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Mr. and Mrs. Madison's War: America's First Couple and the Second War of Independenceby Hugh Howard
Synopses & Reviews
August 28, 1814. Dressed in black, James Madison mourns the nation's loss. Smoke rises from the ruin of the Capitol before him; a mile away stands the blackened shell of the White House. The British have laid waste to Washington City, and as Mr. Madison gazes at the terrible vista, he ponders the future-his country's defeat or victory-in a war he began over the unanimous objections of his political adversaries. As we approach its bicentennial, the War of 1812 remains the least understood of America's wars. To some it was a conflict that resolved nothing, but to others, it was our second war of independence, settling once and for all that America would never again submit to Britain. At its center was James Madison-our most meditative of presidents, yet the first one to declare war. And at his side was the extraordinary Dolley, who defined the role of first lady for all to follow, and who would prove perhaps her husband's most indispensable ally.
In this powerful new work, drawing on countless primary sources, acclaimed historian Hugh Howard presents a gripping account of the conflict as James and Dolley Madison experienced it. Mr. and Mrs. Madison's War rediscovers a conflict fought on land and sea-from the shores of the Potomac to the Great Lakes-that proved to be a critical turning point in American history.
Advance praise for Mr. and Mrs. Madison's War :
"Hugh Howard has turned the least known and understood war in American history into a Technicolor, wide-screen epic of thrilling naval battles, brutal backwoods skirmishes, villainous intrigue, and stirring heroism. Thanks to Howard's prodigious research, fine eye for the telling detail, and vivid prose, the War of 1812 seems as contemporary and compelling as yesterday's battlefield dispatches from the Middle East."-Thurston Clarke, New York Times bestselling author of The Last Campaign
"This fluent if glamorized history of the War of 1812 mines what heroism and romance it can from the woeful record of American military ineptitude, cowardice, political dissension, and lackadaisical leadership. Historian Howard (Thomas Jefferson: Architect) does find stirring moments, especially in his accounts of American frigates' underdog battles with the British fleet, which yield gore ('his lifeless body fell to the deck, severed in two') and gallantry aplenty, including Capt. James Lawrence's immortal last words, 'Don't give up the ship!' (uttered just before the ship was, in fact, given up). The author's foregrounding of the first couple, especially in a set piece recreation of the British sack of Washington, is less edifying. As much as Howard talks up his statesmanship, President Madison seems a feckless commander-in-chief who needlessly took an unprepared country to war and never got a grip. And Dolley Madison's main impact was her star turn rescuing George Washington's portrait from the Redcoats. Still, Howard's entertaining saga extracts no little drama from an inglorious episode. B&w illus." Publishers Weekly Copyright PWxyz, LLC. All rights reserved.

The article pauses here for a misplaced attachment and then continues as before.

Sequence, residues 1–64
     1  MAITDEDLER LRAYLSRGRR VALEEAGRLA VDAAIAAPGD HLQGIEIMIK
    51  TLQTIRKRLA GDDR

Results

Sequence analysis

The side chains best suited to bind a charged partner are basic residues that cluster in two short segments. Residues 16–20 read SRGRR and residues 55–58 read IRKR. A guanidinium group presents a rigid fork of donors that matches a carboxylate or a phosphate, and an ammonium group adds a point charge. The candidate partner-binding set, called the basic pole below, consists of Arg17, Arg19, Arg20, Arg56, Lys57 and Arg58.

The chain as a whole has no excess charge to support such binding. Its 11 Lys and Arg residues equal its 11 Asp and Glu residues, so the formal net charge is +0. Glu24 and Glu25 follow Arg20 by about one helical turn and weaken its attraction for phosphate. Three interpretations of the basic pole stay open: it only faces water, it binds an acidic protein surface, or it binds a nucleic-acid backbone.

Now in paperback for the 200th anniversary of the British burning of Washington, a rousing history of the War of 1812 and the presidential couple at its center.
Now marking its bicentennial, the War of 1812 remains the least understood of Americas wars. Neither side gained a clear triumph, but in truth it was our second war of independence, settling once and for all that America would never again submit to Britain. It featured humiliating disasters—Washington was attacked, the White House burned—and stirring successes, like the Battle of Lake Erie, one of the greatest naval victory in American history. Here Hugh Howard, acclaimed for his vivid historical narratives, brings a forgotten conflict alive, and offers a vivid portrait of two key figures at its center, President James Madison and his charismatic, courageous first lady Dolley.
About the Author
Hugh Howard's numerous books include The Painter's Chair: George Washington and the Making of American Art; Dr. Kimball and Mr. Jefferson; the definitive Thomas Jefferson: Architect; his memoir House-Dreams; and the classic Houses of the Founding Fathers. He resides in upstate New York.
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